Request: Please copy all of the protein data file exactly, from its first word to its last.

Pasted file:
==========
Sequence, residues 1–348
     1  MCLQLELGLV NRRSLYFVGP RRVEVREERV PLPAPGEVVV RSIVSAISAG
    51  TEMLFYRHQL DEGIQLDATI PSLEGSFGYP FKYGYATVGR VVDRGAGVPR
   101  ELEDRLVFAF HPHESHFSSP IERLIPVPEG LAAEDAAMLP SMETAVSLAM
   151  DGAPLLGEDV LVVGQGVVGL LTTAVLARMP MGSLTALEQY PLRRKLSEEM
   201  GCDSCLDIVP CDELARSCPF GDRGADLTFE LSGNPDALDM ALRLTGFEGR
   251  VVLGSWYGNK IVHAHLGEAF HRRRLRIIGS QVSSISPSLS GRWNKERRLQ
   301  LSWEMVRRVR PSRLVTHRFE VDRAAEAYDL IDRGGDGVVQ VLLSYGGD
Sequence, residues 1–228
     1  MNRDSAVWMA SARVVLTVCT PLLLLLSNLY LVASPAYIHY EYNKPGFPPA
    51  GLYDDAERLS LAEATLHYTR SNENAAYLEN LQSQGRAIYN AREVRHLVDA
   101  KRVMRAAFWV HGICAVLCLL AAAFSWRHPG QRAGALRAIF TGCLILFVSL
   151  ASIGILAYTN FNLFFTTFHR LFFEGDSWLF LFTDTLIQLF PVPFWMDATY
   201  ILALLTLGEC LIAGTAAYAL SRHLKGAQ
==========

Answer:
Sequence, residues 1–348
     1  MCLQLELGLV NRRSLYFVGP RRVEVREERV PLPAPGEVVV RSIVSAISAG
    51  TEMLFYRHQL DEGIQLDATI PSLEGSFGYP FKYGYATVGR VVDRGAGVPR
   101  ELEDRLVFAF HPHESHFSSP IERLIPVPEG LAAEDAAMLP SMETAVSLAM
   151  DGAPLLGEDV LVVGQGVVGL LTTAVLARMP MGSLTALEQY PLRRKLSEEM
   201  GCDSCLDIVP CDELARSCPF GDRGADLTFE LSGNPDALDM ALRLTGFEGR
   251  VVLGSWYGNK IVHAHLGEAF HRRRLRIIGS QVSSISPSLS GRWNKERRLQ
   301  LSWEMVRRVR PSRLVTHRFE VDRAAEAYDL IDRGGDGVVQ VLLSYGGD
Sequence, residues 1–228
     1  MNRDSAVWMA SARVVLTVCT PLLLLLSNLY LVASPAYIHY EYNKPGFPPA
    51  GLYDDAERLS LAEATLHYTR SNENAAYLEN LQSQGRAIYN AREVRHLVDA
   101  KRVMRAAFWV HGICAVLCLL AAAFSWRHPG QRAGALRAIF TGCLILFVSL
   151  ASIGILAYTN FNLFFTTFHR LFFEGDSWLF LFTDTLIQLF PVPFWMDATY
   201  ILALLTLGEC LIAGTAAYAL SRHLKGAQ